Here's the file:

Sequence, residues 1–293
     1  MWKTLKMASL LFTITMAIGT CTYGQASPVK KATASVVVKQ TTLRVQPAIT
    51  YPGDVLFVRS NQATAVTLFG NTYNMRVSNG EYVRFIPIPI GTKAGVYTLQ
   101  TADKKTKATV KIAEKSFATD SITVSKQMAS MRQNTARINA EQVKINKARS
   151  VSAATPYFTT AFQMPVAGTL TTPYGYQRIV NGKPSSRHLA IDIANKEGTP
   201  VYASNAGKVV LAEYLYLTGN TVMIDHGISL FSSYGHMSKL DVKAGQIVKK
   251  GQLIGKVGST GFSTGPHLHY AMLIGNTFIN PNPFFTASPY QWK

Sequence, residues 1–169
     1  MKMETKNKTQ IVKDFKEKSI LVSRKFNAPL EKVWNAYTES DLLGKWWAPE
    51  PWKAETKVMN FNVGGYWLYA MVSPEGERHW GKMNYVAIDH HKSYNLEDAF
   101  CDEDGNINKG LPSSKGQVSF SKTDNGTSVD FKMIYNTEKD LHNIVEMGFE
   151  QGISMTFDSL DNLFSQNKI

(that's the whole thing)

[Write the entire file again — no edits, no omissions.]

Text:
Sequence, residues 1–293
     1  MWKTLKMASL LFTITMAIGT CTYGQASPVK KATASVVVKQ TTLRVQPAIT
    51  YPGDVLFVRS NQATAVTLFG NTYNMRVSNG EYVRFIPIPI GTKAGVYTLQ
   101  TADKKTKATV KIAEKSFATD SITVSKQMAS MRQNTARINA EQVKINKARS
   151  VSAATPYFTT AFQMPVAGTL TTPYGYQRIV NGKPSSRHLA IDIANKEGTP
   201  VYASNAGKVV LAEYLYLTGN TVMIDHGISL FSSYGHMSKL DVKAGQIVKK
   251  GQLIGKVGST GFSTGPHLHY AMLIGNTFIN PNPFFTASPY QWK

Sequence, residues 1–169
     1  MKMETKNKTQ IVKDFKEKSI LVSRKFNAPL EKVWNAYTES DLLGKWWAPE
    51  PWKAETKVMN FNVGGYWLYA MVSPEGERHW GKMNYVAIDH HKSYNLEDAF
   101  CDEDGNINKG LPSSKGQVSF SKTDNGTSVD FKMIYNTEKD LHNIVEMGFE
   151  QGISMTFDSL DNLFSQNKI